Tips for Surviving a Girls’ First Sleepover

This past weekend was a little crazy. Not only am I getting ready to drive across the country with the kids, I decided to have Honeybun’s best friend over for the night. It was my girls’ first sleepover and something we’d been talking about doing for a long time.

But, of course, as planning and excitement got underway, I quickly realized the fun was not going to end well for Sugarplum. I know little-sister-third-wheel-syndrome well and so let Sugarplum have a friend over, too.

So there Hubby and I were, with our two girls, our two boys, plus two extra girls. And while everyone had fun and there weren’t any fights or drama, it was exhausting to say the least!

But I’m not going to say our drama free first sleepover was by chance, there were definitely some things I did to ensure a good time for all.

Here are my tips for surviving a girls’ first sleepover:

Pick friends carefully

Sleepovers have become a bit taboo in the parenting world. They are high up on the list of “scary things” that we are told are never safe for our kids. I for one, though, think sleepovers are a great opportunity to give my kids a little independence and “real world” experience.

But just as I will be super picky about whose house I let them stay at in the future (so far it’s only been with Grandmas and Grandpas), I am just as picky about who I welcome into my house for the night. Here were my criteria:

  • I must know the child well. I must feel comfortable with their personalities and typical behavior.
  • I must know their parents well. There must be mutual trust between us.
  • They must get along with all of my kids. Even though both of my girls had a friend over, I will not tolerate anyone being left out or picked on.
  • I must be comfortable disciplining the child in order to keep everyone safe and happy. If I don’t feel like I can redirect a child or tell them when they’re acting inappropriately, they’re not welcome in my house without their parents. (And yes, there are some children that I am not comfortable disciplining because their parents’ style of discipline is vastly different from mine.)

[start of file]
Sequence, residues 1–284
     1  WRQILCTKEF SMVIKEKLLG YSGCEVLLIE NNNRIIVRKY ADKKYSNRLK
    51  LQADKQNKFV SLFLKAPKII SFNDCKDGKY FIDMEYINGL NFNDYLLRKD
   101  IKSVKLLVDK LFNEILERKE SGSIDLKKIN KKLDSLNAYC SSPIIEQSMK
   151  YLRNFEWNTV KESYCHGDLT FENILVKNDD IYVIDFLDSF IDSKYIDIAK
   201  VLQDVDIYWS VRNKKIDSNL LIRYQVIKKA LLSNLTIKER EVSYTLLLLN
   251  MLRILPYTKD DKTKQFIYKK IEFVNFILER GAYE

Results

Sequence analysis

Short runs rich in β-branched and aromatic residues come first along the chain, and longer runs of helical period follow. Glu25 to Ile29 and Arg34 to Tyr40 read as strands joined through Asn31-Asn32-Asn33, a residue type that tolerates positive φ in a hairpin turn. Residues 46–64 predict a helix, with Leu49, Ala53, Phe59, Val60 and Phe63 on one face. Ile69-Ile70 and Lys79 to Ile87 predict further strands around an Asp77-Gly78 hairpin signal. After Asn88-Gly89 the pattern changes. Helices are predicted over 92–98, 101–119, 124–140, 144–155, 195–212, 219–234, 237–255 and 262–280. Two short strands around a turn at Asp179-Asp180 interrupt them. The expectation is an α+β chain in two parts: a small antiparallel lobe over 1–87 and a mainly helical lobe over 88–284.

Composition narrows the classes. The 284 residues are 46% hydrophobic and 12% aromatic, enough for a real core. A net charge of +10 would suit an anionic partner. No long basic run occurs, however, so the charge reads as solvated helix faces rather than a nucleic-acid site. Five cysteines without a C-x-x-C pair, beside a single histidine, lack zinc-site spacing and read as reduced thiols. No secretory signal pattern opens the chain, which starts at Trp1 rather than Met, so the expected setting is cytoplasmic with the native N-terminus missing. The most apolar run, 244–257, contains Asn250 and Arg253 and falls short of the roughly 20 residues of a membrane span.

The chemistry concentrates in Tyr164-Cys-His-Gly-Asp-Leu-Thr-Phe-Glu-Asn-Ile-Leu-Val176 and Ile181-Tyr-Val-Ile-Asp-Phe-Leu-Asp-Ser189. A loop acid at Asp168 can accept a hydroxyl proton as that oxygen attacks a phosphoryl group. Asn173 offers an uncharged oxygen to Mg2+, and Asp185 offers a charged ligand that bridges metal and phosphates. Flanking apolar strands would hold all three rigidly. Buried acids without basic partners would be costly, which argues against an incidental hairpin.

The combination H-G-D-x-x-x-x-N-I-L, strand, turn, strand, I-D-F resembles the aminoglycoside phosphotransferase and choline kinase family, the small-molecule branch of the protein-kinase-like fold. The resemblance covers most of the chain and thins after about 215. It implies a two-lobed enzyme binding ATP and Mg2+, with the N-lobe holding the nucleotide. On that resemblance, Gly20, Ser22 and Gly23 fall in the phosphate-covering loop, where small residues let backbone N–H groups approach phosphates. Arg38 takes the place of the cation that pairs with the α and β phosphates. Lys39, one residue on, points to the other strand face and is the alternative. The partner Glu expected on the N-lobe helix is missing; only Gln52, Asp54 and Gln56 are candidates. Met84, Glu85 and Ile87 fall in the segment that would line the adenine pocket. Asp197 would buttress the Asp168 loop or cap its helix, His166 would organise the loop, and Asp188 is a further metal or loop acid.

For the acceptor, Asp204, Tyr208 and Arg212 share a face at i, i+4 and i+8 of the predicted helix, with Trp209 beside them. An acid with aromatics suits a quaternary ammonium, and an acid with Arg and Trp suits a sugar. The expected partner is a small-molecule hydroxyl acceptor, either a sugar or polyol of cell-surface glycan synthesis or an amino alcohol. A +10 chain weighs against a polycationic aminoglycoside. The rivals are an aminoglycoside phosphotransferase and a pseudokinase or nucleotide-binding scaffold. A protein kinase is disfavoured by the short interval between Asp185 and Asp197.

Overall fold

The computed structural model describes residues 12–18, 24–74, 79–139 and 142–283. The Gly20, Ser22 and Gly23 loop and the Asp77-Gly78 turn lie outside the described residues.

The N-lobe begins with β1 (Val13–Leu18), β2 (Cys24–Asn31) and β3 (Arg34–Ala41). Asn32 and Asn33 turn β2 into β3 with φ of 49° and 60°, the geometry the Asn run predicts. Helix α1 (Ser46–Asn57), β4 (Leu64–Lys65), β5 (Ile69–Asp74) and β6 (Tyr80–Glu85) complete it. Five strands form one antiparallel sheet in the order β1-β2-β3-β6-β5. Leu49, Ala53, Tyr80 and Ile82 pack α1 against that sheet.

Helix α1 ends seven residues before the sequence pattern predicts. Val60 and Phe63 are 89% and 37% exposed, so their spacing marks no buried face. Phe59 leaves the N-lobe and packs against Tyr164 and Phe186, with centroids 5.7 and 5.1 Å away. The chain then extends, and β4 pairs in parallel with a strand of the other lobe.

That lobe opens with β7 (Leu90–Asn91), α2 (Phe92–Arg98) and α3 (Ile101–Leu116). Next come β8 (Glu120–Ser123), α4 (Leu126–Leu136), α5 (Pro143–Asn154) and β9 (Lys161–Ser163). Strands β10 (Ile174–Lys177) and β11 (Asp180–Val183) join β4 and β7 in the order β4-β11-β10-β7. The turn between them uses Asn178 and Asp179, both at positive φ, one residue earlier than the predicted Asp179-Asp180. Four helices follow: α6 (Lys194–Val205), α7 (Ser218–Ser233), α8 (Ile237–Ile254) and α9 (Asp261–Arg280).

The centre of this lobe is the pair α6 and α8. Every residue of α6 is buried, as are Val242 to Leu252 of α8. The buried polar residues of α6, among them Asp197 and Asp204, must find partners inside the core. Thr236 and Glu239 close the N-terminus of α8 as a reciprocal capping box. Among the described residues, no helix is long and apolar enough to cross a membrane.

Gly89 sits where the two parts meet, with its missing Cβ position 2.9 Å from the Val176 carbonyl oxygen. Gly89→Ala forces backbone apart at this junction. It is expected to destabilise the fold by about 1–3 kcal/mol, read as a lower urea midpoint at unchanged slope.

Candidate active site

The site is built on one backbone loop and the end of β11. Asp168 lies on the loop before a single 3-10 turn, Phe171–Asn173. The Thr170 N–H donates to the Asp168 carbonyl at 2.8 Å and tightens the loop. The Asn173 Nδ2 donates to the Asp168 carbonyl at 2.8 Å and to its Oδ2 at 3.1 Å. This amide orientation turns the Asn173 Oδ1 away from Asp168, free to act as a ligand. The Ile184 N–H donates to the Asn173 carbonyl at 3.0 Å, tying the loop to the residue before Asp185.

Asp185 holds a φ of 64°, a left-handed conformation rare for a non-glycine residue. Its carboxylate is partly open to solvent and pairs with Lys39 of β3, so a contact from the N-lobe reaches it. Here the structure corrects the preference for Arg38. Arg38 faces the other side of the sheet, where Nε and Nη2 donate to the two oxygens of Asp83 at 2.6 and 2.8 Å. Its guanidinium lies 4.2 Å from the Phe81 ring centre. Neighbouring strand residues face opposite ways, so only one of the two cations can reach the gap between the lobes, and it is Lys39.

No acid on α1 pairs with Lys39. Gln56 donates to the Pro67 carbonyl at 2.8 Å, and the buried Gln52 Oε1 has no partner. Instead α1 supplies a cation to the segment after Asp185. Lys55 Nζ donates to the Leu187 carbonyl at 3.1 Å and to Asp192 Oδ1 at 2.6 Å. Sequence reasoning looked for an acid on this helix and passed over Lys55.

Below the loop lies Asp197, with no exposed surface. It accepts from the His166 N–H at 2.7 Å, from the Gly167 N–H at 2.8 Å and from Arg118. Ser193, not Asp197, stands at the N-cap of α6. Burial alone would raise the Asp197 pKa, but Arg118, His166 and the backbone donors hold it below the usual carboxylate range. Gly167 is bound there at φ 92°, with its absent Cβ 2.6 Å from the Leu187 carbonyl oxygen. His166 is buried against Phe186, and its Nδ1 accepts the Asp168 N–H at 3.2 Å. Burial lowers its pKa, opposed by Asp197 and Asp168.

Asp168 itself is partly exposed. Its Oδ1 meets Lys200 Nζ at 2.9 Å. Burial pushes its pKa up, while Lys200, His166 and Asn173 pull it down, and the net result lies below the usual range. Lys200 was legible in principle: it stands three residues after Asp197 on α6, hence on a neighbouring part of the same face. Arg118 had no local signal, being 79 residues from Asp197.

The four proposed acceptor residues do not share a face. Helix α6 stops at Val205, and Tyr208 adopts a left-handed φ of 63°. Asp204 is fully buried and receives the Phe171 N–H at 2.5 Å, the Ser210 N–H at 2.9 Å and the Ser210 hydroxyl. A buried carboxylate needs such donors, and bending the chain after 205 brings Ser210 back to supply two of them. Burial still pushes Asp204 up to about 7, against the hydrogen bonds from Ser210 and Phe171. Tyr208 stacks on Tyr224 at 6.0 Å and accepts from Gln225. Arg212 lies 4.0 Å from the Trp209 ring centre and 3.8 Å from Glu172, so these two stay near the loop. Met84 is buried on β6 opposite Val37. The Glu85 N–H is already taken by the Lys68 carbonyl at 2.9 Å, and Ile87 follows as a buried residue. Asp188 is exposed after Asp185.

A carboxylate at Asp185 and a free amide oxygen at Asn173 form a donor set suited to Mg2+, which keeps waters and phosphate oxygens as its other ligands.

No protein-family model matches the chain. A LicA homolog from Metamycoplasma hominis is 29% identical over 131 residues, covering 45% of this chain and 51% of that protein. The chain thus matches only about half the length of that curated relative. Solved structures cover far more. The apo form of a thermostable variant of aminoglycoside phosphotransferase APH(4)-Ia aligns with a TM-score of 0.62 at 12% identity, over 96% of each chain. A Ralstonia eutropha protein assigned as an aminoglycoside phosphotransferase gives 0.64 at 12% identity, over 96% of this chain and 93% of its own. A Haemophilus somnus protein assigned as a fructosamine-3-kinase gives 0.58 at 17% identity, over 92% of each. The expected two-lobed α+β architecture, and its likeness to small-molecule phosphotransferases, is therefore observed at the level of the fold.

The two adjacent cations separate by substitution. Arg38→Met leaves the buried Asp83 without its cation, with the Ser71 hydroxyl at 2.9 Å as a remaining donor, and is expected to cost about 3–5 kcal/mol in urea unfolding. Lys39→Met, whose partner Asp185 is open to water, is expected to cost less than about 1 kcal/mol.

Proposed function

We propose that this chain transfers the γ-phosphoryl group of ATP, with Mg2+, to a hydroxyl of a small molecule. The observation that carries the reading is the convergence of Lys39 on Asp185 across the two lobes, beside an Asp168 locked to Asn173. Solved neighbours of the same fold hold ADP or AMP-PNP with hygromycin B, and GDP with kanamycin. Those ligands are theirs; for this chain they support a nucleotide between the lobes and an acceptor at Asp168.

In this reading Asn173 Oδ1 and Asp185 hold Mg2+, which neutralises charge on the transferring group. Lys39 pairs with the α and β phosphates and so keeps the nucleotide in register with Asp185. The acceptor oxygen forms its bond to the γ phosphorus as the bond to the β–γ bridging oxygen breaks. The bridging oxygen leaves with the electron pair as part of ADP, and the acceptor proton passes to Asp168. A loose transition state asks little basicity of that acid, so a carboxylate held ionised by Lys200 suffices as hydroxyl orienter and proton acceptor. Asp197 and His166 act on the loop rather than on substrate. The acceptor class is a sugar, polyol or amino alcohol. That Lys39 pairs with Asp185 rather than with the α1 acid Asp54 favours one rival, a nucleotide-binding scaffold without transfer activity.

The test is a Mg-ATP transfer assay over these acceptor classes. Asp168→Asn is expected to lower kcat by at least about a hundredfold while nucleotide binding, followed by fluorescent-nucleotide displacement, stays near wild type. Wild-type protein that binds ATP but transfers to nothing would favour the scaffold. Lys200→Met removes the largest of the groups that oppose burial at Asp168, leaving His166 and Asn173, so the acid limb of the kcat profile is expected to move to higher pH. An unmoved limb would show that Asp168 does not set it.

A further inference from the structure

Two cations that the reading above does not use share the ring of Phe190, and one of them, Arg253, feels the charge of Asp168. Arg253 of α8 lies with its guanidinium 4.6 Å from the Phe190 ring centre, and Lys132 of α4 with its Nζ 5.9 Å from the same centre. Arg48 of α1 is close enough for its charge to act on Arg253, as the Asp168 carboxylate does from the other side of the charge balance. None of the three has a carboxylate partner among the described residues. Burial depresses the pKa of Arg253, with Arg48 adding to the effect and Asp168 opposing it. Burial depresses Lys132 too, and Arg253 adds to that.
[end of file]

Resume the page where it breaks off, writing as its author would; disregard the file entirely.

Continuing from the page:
Be clear on medical issues

It is so important when taking another child for the night that you know her allergies or other medical conditions. Make sure you get all medications for the children you’re responsible for and know what the action plan is if something were to happen.

If you are dealing with a food allergy, take the time to read all the labels. Things are so mixed up that items you don’t expect to have the child’s allergen could have it hidden in there. And when in doubt, ask the parents before doing anything! (One of our guests broke out in hives from our cat after we were on the way to take her home, a quick text to her mom assured me that I didn’t need to take further action.)

Set boundaries

It was important for me and Hubby to set some boundaries and basic rules for during the sleepover. We discussed the expectations ahead of time with our girls and were easily able to convey them to our guests as needed.

They were guidelines that we generally live by (like no leaving people out, boys/girls in separate changing areas, etc.) but reinforcing the expectations before their first sleepover helped the night and next morning go much smoother.

Have a game plan

If you know what your kids want to do and have a general idea of how the night and morning are going to go, it makes it easier for everyone.

We collected Sugarplum’s friend then met Honeybun’s friend and family for dinner. Afterwards, we came home and the kids swam then watched a movie. They were in bed around 11 and the next morning I made breakfast while the kids played and Sugarplum’s friend got picked up around 10 and we took Honeybun’s friend home after lunch. They got a little bored and ornery after breakfast but we put on another movie and everything went smooth from there.

What tips do you have for surviving first sleepovers?

Pin it!A few simple things that can make a girls' first sleepover drama free and fun for everyone from picking the right friends to setting boundaries.

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